Abstract 3978: Macrophage Subpopulations are Essential for Infarct Repair With and Without Stem Cell Therapy
Both stem cells and macrophages (MΦ) play a key role in infarct repair. However, MΦ constitute a heterogeneous population: MΦ can exhibit pro-inflammatory cytokine profiles (M1), as well as anti-inflammatory and tissue repair activity (M2). Thus, we aimed to determine the effect of stem cell transplantation on MΦ subpopulations in the infarcted myocardium.
Methods and Results Mice (Balb/C) were subjected to acute MI and randomized to bone marrow mesenchymal stem cells (MSC) or saline injection into the infarct. The number of MΦ (F4/80), M1 (CD86) and M2 (CD206) in the infarcted hearts was determined by FACS at 1, 2, 3, 4 and 7 days after MI. MSC therapy did not affect the overall number of macrophages in the infarct. However, at 3 days after MI, M2/M1 ratio was significantly higher in hearts treated with MSC transplantation, compared with controls (p=0.01). In the next experiment, MΦ depletion was induced by clodronate injection. Animals (n=57) with and without MΦ depletion were subjected to MI and allocated to MSC injection (n=15) or saline (n=42) into the infarct. Survival after MI (30 days) was significantly lower in MΦ-depleted mice, with and without stem cell therapy (p=0.02).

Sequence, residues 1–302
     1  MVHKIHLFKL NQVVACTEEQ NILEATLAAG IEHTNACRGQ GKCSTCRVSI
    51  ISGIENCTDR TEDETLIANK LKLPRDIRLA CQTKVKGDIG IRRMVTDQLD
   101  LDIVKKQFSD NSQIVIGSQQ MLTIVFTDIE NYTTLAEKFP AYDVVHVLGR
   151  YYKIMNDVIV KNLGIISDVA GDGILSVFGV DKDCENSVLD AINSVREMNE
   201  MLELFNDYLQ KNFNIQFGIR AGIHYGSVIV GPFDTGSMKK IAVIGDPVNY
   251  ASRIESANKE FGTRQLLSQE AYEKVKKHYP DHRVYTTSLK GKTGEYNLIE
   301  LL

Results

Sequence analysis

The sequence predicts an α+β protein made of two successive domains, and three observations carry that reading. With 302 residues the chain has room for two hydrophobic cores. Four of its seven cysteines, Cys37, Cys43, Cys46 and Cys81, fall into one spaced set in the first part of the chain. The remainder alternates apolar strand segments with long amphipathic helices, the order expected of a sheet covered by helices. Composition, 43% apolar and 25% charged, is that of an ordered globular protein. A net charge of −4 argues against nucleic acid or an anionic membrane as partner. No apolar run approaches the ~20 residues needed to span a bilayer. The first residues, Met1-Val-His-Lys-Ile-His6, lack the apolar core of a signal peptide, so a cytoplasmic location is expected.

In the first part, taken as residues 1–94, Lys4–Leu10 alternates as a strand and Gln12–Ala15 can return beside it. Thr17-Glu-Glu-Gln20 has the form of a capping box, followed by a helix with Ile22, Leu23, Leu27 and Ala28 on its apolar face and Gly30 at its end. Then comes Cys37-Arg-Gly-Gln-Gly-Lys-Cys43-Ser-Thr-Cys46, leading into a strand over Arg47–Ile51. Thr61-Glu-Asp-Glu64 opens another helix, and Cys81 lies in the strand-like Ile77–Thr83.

Conclusions Our findings suggest, for the first time, that some of the favorable effects of stem cells on the infarcted heart are related to activation of reparative macrophages (M2) in situ. Macrophages play a major role in MI repair and their depletion could cause catastrophic results, with and without stem cell therapy.